TRO stopping city from destroying records of NBA star's arrest extended
Originally set to expire April 5, a temporary restraining order stopping the city of Beaumont from destroying records related to the arrest of NBA star Kendrick Perkins has been extended to April 19.
The Examiner newspaper and its editor, Jerry Jordan, sought and received the TRO on March 23, arguing that the city may to try to "cover up the incident" by destroying Perkins' arrest records.
An injunction hearing was slated for April 5, court records show.
However, the Examiner filed a motion to extend TRO and transfer case the day before, which was granted by Judge Donald Floyd, 172nd District Court, on April 4.
Judge Floyd ordered the case transferred to Judge Layne Walker's 252nd District Court and set the new injunction hearing for April 15.
No reason for the transfer is given in the motion other than that "so justice can be done."
Court records further show that the city answered the suit on April 4, claiming governmental immunity from the litigation.
Perkins also filed a plea of intervention April 4, asserting that his arrest record was expunged and that he will be irreparably harmed if the records are released.
On Aug. 13 Perkins, a Beaumont native and currently a center for the Oklahoma City Thunder, was charged with misdemeanor disorderly conduct and public intoxication after an altercation at a Beaumont night club.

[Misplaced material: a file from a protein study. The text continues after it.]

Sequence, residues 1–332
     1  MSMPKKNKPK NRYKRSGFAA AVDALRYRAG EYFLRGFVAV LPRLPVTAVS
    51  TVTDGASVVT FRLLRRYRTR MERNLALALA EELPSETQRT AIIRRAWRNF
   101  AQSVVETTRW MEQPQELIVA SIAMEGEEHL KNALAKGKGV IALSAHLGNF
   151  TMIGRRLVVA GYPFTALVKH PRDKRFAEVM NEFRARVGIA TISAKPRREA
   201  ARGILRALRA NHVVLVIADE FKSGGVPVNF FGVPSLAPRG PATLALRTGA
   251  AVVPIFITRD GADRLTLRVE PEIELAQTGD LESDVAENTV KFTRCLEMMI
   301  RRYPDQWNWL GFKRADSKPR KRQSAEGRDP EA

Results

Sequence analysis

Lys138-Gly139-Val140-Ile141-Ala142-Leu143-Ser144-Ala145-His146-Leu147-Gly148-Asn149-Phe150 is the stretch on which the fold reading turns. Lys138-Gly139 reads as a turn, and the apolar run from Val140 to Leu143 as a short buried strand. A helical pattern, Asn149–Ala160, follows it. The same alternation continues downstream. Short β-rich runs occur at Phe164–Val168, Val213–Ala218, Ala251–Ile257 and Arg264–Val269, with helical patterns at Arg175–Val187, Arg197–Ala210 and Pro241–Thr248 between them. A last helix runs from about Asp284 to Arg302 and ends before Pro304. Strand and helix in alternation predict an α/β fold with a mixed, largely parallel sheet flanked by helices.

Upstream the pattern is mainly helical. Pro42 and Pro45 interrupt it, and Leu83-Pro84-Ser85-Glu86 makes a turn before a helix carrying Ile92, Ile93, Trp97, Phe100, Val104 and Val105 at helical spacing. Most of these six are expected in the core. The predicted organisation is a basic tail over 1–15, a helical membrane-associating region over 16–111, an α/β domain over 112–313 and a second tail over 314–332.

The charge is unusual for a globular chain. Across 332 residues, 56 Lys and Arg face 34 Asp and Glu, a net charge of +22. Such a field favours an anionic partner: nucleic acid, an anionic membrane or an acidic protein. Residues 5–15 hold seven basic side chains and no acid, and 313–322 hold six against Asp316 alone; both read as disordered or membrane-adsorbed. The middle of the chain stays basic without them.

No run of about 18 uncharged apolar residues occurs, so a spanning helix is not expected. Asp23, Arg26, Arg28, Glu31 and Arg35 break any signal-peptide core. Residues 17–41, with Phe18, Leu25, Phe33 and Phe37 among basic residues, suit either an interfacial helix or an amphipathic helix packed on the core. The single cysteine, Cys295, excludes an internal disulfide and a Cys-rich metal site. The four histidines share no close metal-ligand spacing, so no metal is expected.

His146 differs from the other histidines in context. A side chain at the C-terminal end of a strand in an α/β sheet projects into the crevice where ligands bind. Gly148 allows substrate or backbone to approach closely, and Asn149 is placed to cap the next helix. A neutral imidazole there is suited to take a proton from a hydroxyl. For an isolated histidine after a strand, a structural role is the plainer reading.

Court records show the charges were dropped on March 22.
After the arrest, The Examiner made a request to the city seeking videotapes and other evidence under the Texas Open Records Act, the petition states.
City officials refused, prompting The Examiner to turn to the Attorney General's Office, which overruled the city's objection on March 20.
On March 21, Perkins obtained an order of expunction, court records show.
Nevertheless, despite the Attorney General's directive, and even though the expunction is not final and subject to review or appeal, the city still refuses to release the items in question, the petition states.
"Because of the facts stated above, as well as other facts apparent from the public record and media reports showing that the city has engaged in repeated acts to cover up the incident in question and minimize the public's awareness ... plaintiff believes that the city may attempt to destroy the items in question," the petition states.
"Such destruction would constitute irreparable harm to plaintiff, who would be left without an adequate remedy at law."
In addition to the injunction, The Examiner is seeking an award of actual and punitive damages, plus attorney's fees.
The paper is represented by attorney John Werner of the Beaumont law firm Reaud, Morgan & Quinn.
Beaumont attorney Sean Villery-Samuel represents Perkins.
The city is represented by City Attorney Tyrone Cooper.
The Examiner was founded by Wayne Reaud, a managing partner at Reaud, Morgan & Quinn.
Case No. E192-213